Never Mind the Spelling, It’s How It’s Delivered
By Tom Payne
Collocation is one of the most critical and misunderstood services in the telecommunications industry. Collocation is a combination of real estate, civil engineering, electrical engineering, facility management and the standard bits and bytes of telecommunications fare.
“What should one look for in a suitable collocation space?” “How much should I spend?” “How the heck do you spell it?”
These are a a few of the many questions I get daily as my company’s designated “colo guy.”
Compared to SONET, IP and waves, information on collocation is sparse. Granted, rack counts, square footage, amps and conduits do not sound as exciting as packets, bytes and light waves. However, a network without collocation facilities is like a car without seats; the engine is there, but the car is not fully functional.
Because suitable collocation is essential to the telecommunication industry’s long-term viability, I have defined eight fundamental tenets regarding collocation and what constitutes quality collocation space.
Spell it consistently. One of the most frequent questions regarding collocation is “How do you spell it?” It’s spelled at least five different ways, but it doesn’t matter which version is used as long as your company spells it the same way consistently. After all, the real concern is how collocation is delivered.
Use it to save cash and increase bandwidth control. Collocation’s origins began as IXCs and CAPs emerged to compete with the original Ma Bell. Carriers then, as now, needed somewhere to house their equipment so they could use and manipulate the bandwidth they were buying.
Before AT&T’s 1984 breakup, the Bell companies rarely considered, much less honored, carrier requests to collocate equipment in their COs. Because of the high cost of
carrier-grade facilities, these carriers were better off financially and operationally if they could house their equipment in their provider’s PoP rather than constructing their own facilities. Recognizing this as a competitive advantage, the IXCs and CAPs began leasing space in their PoPs for carrier equipment. Thus a new industry product, collocation, was born. It is defined as the leasing of high-availability space and power within a facility for operating telecommunications equipment.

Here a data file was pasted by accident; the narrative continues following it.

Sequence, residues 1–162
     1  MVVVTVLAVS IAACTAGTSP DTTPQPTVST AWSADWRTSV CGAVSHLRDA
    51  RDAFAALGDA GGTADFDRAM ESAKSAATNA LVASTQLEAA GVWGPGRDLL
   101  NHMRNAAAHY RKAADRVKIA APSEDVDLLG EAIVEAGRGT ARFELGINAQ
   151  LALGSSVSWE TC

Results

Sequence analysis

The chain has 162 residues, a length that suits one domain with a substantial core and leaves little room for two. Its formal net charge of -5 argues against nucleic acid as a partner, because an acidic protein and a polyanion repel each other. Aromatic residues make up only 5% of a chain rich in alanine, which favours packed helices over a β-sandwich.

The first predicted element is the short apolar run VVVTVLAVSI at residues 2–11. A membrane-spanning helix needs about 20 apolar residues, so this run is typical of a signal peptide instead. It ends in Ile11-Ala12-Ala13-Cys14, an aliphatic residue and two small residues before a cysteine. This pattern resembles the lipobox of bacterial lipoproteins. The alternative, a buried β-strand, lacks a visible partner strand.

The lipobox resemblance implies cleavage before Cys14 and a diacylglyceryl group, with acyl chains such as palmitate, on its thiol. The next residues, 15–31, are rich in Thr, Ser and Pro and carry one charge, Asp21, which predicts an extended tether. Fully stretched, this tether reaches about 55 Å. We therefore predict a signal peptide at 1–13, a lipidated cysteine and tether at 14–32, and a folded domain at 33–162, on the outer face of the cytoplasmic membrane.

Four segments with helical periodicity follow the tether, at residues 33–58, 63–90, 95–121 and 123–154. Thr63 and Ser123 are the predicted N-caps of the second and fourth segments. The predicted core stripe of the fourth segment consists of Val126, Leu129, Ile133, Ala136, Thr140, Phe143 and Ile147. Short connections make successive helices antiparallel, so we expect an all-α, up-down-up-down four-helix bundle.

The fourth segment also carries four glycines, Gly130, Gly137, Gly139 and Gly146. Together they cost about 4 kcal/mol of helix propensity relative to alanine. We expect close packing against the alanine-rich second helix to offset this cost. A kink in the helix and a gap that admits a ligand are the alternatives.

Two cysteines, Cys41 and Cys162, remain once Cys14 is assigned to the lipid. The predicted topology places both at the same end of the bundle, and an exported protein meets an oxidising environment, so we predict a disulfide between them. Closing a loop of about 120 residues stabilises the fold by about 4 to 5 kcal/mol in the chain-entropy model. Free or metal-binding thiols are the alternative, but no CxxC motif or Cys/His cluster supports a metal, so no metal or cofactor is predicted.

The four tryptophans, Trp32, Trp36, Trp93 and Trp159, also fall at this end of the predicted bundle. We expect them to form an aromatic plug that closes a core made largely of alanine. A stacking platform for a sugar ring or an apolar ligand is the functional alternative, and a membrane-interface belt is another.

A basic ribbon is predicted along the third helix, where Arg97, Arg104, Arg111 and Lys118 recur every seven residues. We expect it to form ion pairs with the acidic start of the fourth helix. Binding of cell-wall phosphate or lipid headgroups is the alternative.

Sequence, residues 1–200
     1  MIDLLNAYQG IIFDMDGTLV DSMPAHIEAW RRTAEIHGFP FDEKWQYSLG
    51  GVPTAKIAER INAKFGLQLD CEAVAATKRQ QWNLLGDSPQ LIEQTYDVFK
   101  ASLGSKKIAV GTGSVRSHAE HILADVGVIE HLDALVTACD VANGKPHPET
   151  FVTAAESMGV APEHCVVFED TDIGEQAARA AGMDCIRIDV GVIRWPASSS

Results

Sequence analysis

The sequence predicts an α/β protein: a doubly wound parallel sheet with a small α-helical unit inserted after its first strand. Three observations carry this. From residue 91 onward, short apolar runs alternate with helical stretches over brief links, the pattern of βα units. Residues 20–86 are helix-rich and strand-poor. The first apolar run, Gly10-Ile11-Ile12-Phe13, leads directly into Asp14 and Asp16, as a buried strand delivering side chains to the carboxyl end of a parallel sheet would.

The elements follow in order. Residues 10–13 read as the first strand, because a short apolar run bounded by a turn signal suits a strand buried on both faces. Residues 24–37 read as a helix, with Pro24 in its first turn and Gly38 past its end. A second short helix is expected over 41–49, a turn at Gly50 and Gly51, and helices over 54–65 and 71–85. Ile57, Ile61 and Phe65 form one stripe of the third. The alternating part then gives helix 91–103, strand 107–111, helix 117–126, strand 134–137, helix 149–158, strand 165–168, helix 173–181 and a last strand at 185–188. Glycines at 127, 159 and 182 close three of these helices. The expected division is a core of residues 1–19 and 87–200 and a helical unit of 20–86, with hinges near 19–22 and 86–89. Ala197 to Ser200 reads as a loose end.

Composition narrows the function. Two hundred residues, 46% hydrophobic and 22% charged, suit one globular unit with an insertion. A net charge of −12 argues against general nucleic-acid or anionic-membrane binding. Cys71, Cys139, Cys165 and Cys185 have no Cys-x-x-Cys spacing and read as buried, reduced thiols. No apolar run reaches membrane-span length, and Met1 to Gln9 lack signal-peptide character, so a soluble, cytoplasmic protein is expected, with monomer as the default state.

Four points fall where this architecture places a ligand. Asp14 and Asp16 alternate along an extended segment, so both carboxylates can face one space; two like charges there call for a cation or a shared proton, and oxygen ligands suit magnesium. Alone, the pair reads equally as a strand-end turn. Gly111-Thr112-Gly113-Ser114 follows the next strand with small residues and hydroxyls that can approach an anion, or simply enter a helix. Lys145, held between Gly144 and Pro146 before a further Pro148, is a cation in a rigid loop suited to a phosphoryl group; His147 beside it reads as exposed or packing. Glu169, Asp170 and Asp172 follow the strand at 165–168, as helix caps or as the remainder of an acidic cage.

It is important to note that collocation rarely is offered as a stand alone product. It is a value-add that is available to carriers that have purchased capacity on the network. Collocation exists to facilitate the purchase and the use of a carrier’s bandwidth by its customers. The benefits for the customer are reduced cost and facilitation of the purchase and use of bandwidth services.
Take care in selecting a collocation provider. As noted, IXC (long-haul) carriers and CAPs (local) often provide collocation in conjunction with capacity agreements. Emerging recently have been a new breed of high availability “space vendors” that have attempted to meet the needs of carriers by offering collocation without providing bandwidth. The proliferation of these companies has been remarkable, attesting to the high demand for collocation.
More than 40 companies were in the “collocation only” business at the beginning of 2001. Some were real estate companies that already owned existing buildings where carriers had built PoP space. Others represented a new breed of carrier-neutral collocation providers that essentially built PoPs without a backbone network with the intent to lease for collocation.
However, many of the “new breed” companies made a critical error: They assumed there was a potential for profit by removing carriers from the equation. Consequently, they delivered a product they did not understand fully. What they failed to realize is that collocation is not just about space and power–it is also about reliability, bandwidth access and access to end users. The folly is evident in the now unused millions of square feet of collocation space these companies built, many of which now are defunct.
Balance the economics of cost vs. build. The cost of building out carrier-grade facilities is exorbitant–between $300 and $500 per square foot, exclusive of the lease and equipment costs. Addition-ally, most telecommunications equipment still requires 48V DC power and adherence to stringent environmental specifications. Unless there is need for at least 1,000 square feet, it is almost always better to lease racks and power than to build.
Do not confuse collocation space with data center space. Hoping to lease their space, the big data center providers and carrier-neutral collocation providers have tried to convince everyone that collocation and data center space are one and the same. This is not true.
Collocation supports the operation of a customer’s network. Carrier collocation space is almost always located in the heart of a telecommunications hub, like a carrier hotel or a network access point (NAP). This is because of the distance-sensitive nature of local networks. Collocation providers attuned to this issue will save their customers extensive capital since it is not uncommon for local access charges to comprise between 40 percent and 60 percent of the total long haul bandwidth services cost.
Conversely, data centers focus on hosting equipment that may not have to be connected to multiple carriers, and in many cases are not. Additionally, a lot of the “Big Iron” (i.e., mainframes and storage silos) traditionally housed in data centers does not fit into the floor plans of many carrier PoPs that are focused on supporting rack-mounted equipment.
Recently, the space and footprint requirements for “Big Iron” have declined as large, massively parallel systems have become more modular in design. The bandwidth requirements for these systems have skyrocketed, resulting in greater need for more bandwidth and, thus, more carriers in traditional data center space. These trends are blurring the differences between collocation and data centers. However, if you are a carrier, you are almost always better off in true collocation space because of its accessibility to the provider’s backbone, proximity to various local access providers (i.e., CAPs & CLECs) and access to the all-important bandwidth end users.